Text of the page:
Tuesday, January 13, 2015
Immigration Article of the Day: Critical Analysis: National Security and Targeting of Particular Communities Post 9/11 in Canada by Sadiq Al-Ali
Critical Analysis: National Security and Targeting of Particular Communities Post 9/11 in Canada by Sadiq Al-Ali,York University - Faculty of Liberal Arts & Profressional Studies September 1, 2014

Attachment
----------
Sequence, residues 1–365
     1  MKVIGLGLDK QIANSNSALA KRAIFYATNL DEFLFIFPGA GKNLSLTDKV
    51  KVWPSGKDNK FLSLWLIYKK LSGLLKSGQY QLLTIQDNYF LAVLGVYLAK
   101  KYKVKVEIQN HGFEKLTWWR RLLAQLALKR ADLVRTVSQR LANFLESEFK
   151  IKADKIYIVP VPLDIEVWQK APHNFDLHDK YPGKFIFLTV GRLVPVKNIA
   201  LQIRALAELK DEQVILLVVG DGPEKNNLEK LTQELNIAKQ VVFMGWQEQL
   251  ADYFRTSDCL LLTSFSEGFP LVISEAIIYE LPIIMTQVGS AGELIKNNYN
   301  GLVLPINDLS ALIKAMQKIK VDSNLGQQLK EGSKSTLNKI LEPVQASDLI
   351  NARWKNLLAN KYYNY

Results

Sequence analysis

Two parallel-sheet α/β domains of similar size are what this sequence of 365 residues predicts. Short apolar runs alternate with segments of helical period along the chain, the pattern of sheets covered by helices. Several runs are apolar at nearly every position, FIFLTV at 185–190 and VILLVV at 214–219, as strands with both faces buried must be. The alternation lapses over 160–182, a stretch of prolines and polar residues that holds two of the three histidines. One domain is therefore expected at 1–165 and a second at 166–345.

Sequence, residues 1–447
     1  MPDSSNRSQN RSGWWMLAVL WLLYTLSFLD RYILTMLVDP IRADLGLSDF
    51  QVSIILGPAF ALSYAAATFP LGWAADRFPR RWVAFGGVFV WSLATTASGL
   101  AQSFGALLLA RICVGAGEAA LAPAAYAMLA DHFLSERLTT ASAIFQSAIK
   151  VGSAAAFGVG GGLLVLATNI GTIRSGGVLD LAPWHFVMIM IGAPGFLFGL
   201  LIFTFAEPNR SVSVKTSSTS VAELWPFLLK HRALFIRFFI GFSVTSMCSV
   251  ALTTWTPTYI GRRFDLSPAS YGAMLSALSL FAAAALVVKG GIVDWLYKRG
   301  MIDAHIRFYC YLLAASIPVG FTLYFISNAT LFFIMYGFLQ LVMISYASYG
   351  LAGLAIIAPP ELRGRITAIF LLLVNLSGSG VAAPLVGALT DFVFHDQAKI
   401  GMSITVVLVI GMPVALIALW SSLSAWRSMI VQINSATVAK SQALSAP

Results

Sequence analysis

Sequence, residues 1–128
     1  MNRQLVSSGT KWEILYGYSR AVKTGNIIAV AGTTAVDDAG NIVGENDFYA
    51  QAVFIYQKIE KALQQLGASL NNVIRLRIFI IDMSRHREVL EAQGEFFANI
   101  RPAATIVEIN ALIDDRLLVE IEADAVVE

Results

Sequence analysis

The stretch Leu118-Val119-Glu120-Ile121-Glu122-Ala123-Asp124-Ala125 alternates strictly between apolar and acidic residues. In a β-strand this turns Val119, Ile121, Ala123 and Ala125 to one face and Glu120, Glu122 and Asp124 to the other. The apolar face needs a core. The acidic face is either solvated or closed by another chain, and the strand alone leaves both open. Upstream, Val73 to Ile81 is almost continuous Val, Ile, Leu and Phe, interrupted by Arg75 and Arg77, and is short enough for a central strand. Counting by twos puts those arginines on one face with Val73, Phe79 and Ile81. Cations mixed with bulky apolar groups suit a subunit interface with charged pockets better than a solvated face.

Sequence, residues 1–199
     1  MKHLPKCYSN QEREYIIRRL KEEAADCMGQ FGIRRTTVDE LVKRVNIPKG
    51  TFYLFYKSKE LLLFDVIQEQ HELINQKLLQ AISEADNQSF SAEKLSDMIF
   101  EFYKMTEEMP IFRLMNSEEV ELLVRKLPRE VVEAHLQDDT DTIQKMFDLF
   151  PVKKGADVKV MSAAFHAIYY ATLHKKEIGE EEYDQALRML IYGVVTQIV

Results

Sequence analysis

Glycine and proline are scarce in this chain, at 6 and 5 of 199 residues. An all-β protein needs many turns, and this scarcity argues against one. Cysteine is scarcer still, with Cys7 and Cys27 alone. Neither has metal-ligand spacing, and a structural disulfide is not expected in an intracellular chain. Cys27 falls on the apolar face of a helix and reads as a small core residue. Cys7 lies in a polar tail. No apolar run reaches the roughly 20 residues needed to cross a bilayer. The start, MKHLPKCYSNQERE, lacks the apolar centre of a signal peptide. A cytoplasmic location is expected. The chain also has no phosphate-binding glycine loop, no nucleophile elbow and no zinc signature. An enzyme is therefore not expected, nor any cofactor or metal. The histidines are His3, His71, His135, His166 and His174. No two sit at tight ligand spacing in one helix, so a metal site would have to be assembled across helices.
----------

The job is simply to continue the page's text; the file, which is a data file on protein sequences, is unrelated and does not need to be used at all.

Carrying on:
Abstract: The central argument that will be advanced within this piece is that particular communities within Canada have been disproportionately targeted and have incurred unequal costs vis-à-vis others in light of the security certificate program within context of post 9/11. The paper will be divided into four sections framed within a Canadian context that looks at how particular communities were affected by the security certificate program. The first section attempts to critically engage with the contested definition of national security, and the relevance of the notion as it pertains to the historical experiences of particular groups, while explicating its applicability in light of identity and immigration policy. The second section addresses how the logic of security found within state legislation, provides the need legitimacy for the state to engage with controversial security measures, that undermine both the legal rights and human rights of the subject targeted (i.e. non-citizen/citizen). The third section brings forth the practice of racial profiling to the forefront in conjunction with how national security measures have impacted racialized communities and individuals in light of Agamben’s ‘state of exception’ concept and the costs of the racial profiling. While the final section examines the role of the judiciary and its treatment of the IRPA as it pertains to refugees in light of international norms by reflecting upon a number of cases. The objective of the latter is to see whether the Court has assigned priority to International Human Rights Law as a way to remedy those disproportionate targeted by the state.